+ (Oct-27-1956, Hollywood) Mickey Northrup 10
+ (Dec-15-1956, Hollywood) Philip Kim kot 9
+ (Dec-31-1956, New York) Gale KERWIN 10
- 1957 -
+ (Jan-23-1957, Chicago) Bobby Rogers 10
- (Mar-2-1957, Hollywood) Lou Filippo disq.9
+ (Apr-9-1957, Hollywood) Lou Filippo kot 7
+ (May-29-1957, Chicago) Felix CHIOCCA 10
+ (Sep-7-1957, Miami Beach) Ike Vaughn 10
+ (Sep-23-1957, New York) Harry Bell 10
- 1958 -
+ (Feb-28-1958, New York) Tommy TIBBS 10
+ (May-9-1958, Hollywood) Joey LOPES 10
- (Jun-27-1958, New York) Johnny BUSSO 10
+ (Sep-19-1958, New York) Johnny BUSSO 10
+ (Oct-28-1958, London) Dave CHARNLEY 10
- (Dec-31-1958, Miami Beach) Kenny LANE 10
- 1959 -
+ (Apr-13-1959, Philadelphia) Len MATTHEWS kot 6
+ (Jun-12-1959, New York) Kenny LANE injury 2 (World, Junior welterweight)
- 1960 -
+ (Feb-4-1960, Los Angeles) Raymundo Torres ko 10 (World, Junior welterweight)
+ (Jun-15-1960, San Francisco) Duilio LOI 15 (World, Junior welterweight)
- (Sep-1-1960, Milan) Duilio LOI 15 (World, Junior welterweight)
- 1961 -
+ (Feb-2-1961, Los Angeles) Cisco ANDRADE 10
- (May-10-1961, Milan) Duilio LOI 15 (World, Junior welterweight)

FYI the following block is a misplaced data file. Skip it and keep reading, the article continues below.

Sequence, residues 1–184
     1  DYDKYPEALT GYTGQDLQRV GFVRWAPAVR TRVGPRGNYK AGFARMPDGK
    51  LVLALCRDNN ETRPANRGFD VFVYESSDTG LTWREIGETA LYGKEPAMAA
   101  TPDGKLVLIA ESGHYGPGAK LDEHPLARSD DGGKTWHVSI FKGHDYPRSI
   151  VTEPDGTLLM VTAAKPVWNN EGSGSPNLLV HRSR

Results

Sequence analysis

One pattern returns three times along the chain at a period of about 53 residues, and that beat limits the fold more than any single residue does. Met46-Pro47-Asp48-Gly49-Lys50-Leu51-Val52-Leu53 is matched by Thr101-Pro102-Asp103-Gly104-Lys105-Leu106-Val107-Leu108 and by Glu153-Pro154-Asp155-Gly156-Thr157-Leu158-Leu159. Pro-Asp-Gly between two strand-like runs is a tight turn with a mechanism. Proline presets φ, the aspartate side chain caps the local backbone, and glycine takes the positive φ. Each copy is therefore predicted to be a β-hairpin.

+ (Sep-2-1961, Miami Beach) Doug Vaillant 10
+ (Nov-18-1961, New York) Paolo ROSI 10
- 1962 -
+ (Apr-21-1962, Las Vegas) Joe BROWN 15 (World, Lightweight)
+ (Aug-1-1962, Manille) Arthur Persley 10
+ (Nov-7-1962, Tokyo) Kazuo Takayama 10
+ (Dec-3-1962, Tokyo) Teruo Kosaka ko 5 (World, Lightweight)
- 1963 -
+ (Apr-7-1963, San Juan) Doug Vaillant kot 13 (World, Lightweight)
+ (Sep-18-1963, Honolulu) Pete Acera kot 7
+ (Oct-22-1963, London) Maurice CULLEN 10
- 1964 -
+ (Feb-15-1964, Manille) Gabriel Flash ELORDE kot 14 (World, Lightweight)
+ (Apr-11-1964, San Juan) Kenny LANE 15 (World, Lightweight)
+ (Dec-14-1964, Boston) Dick Divola ko 1
- 1965 -
- (Apr-10-1965, Panama City) Ismael LAGUNA 15 (World, Lightweight)
+ (Nov-13-1965, San Juan) Ismael LAGUNA 15 (World, Lightweight)
- 1966 -
= (Apr-7-1966, Buenos-Aires) Nicolino LOCHE 10
+ (Jun-20-1966, Pittsburgh) Johnny Bizzarro kot 12 (World, Lightweight)
+ (Oct-22-1966, Mexico City) Ultiminio Ramos injury 5 (World, Lightweight)
+ (Nov-28-1966, New York) Gabriel Flash ELORDE ko 14 (World, Lightweight)
- 1967 -
+ (Jul-1-1967, San Juan) Sugar Ultiminio RAMOS kot 4 (World, Lightweight)
+ (Aug-16-1967, New York) Ismael LAGUNA 15 (World, Lightweight)
- 1968 -
- (Jun-29-1968, San Domingo) Carlos Teo Cruz 15 (World, Lightweight)
- 1969 -
+ (Nov-21-1969, New York) Edmundo Leite 10
- 1970: inactive -
- 1971 -
+ (Dec-1-1971, Las Vegas) Jimmy Liggon ko 3
- 1972 -
+ (Jan-8-1972, Miami Beach) Bill Whittenburg ko 7
+ (Jan-20-1972, Portland) Terry Rondeau kot 4
+ (Jan-31-1972, Waltham) Ivelaw Eastman kot 2
+ (Feb-19-1972, San Juan) Leo Di Fiore ko 2
+ (Mar-20-1972, Ponce) Junior Varney ko 2
+ (May-1-1972, Los Angeles) Greg Potter 10
+ (Jun-3-1972, Chicago) Gerardo Ferrat kot 3
+ (Aug-1-1972, Oklahoma City) Johnny Copeland ko 3
- (Sep-20-1972, New York) Ken BUCHANAN retiring 6